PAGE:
Normal Christianity is Weird
If you talk to new comers to Christianity, you have to admit with them that Christians do some weird things. Jon Acuff has made us all laugh as he has chronicled these with his Stuff Christians Like blog and book. But it seems that normal and weird change over time and what is normal to us would probably look weird to a New Testament Christian church.
Thinking of conversations I’ve had with “normal” Christians over the last ten years along with assessing my own views, here’s what it appears NORMAL has come to look like for Christianity in America:
- It’s about me and my comfort. How can we read the New Testament and come away with statements like, “My Church doesn’t meet my needs” or “I’m just not getting fed.” The New Testament compels us to a faith filled with personal sacrifice, going deep with God, and others centered living (Philippians 2:3-4, Colossians 3:1-2). Jesus said what comes out of our mouth is in our hearts. Are your words saying, “It’s all about me” in relation to your Christian faith?
- Jesus informs my decisions. The bumper sticker is true for Western Christians, “Jesus is my Co-Pilot.” And we’ll refer to him if needed, but otherwise, I’ve got it under control for now. Instead of knowing Jesus as Lord, who directs and guides, commands and leads, we know him as one option on our reference shelf for life’s directions.
- Intention = Actions. Intentions matter a lot to us. And the right intentions are important, but intentions deceive us into thinking we’re something we’re not. The New Testament test of faith is action (Matthew 12:15, Ephesians 2:10, James 2:14-17). Not in order to get God’s favor, but that shows we have God’s favor. What’s inside will come out if it’s real. Just like the plants in my garden. They will tell me the label on the pack of seeds was correct when they bear their fruit.
- Karma – I must be ok with God if everything is going so well. I’ve got a nice job with a raise coming this year, great house, my kids are doing well in sports, so God must be pleased with me. This is believing that we’re saved by the American dream instead of by Christ. And the god of nice job, nice house, upwardly mobile kids will eventually betray us. Our need for God is not based upon how well things are going, it’s based upon the universal need for an answer to our sin problem. This attitude is essentially animism. In the jungles of south Mexico when things go wrong, they make sacrifices to appease the gods. In America, when things go wrong, we get the family to church for a few weeks in a row.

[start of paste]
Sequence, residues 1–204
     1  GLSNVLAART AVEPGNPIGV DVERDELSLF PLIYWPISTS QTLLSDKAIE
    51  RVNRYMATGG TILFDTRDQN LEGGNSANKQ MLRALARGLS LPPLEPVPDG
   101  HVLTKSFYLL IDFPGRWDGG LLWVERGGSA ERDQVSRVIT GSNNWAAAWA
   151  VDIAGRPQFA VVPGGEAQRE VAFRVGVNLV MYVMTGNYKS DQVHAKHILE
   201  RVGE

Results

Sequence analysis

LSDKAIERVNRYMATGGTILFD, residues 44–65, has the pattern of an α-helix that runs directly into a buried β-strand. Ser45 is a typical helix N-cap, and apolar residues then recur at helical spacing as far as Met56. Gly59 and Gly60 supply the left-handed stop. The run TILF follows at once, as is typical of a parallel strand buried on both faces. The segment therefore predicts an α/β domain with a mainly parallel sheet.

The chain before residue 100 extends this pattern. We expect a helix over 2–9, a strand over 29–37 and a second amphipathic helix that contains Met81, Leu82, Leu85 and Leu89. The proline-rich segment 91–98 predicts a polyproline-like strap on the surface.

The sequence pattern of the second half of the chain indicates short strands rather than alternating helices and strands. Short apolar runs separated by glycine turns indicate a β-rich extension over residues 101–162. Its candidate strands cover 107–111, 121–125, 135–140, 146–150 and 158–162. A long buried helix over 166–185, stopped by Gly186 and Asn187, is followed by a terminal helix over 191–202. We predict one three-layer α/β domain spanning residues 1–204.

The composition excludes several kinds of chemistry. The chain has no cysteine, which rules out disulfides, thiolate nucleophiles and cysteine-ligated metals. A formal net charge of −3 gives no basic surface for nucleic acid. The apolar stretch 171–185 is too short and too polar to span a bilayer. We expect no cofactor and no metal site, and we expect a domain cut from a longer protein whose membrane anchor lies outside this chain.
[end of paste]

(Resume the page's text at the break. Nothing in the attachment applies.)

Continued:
- Fellowship = friendship with people like me. As a church planter I know the reality of the leadership law, “You attract who you are, not who you want.” But I also know the great need for us to take the gospel to people, cultures, parts of town, not like us. One of the miracles of early Christianity that we miss in our homogeneous culture is that racial, social, economic, cultural, religious boundaries were destroyed by the power of the Gospel. Even among Jesus’ disciples was a tax collector who was seen as an enemy of Israel and a Jewish zealot who would have been committed to oppose him with terrorist like tactics. Roman soldiers and Jewish rabbis would have been together around the communion table. The gospel leads us into a dismissal of us vs. them. We see that in Christ, it’s just us.
- You can change. Jesus might can help with that. Pop psychology says, “You can change, let’s talk tactics and possible options.” Unfortunately, sounds like some sermons I’ve preached and heard. The power of the gospel for salvation (Romans 1:16-17) has become one of many tactics or plans to get to the good life as the American dream defines it.
- I’m ok if I keep most of the rules. “I’m a good person” or “My plus column is higher than my minus column” or “I go to church as often as I can.” Many are just grinning and bearing it as they check off a list of religious deeds on our way to a good time. Problem is, rules don’t have power to give life and rules don’t have power to give eternal life. Only a relationship with Christ does that. Jesus gave us a new rule: “I am the way, the truth, and the life.” The rule is now, connect in relationship to Christ. And let Christ define normal for you.
What would you add to my list?
Tomorrow we’ll explore what NORMAL should look like, if we follow Christ.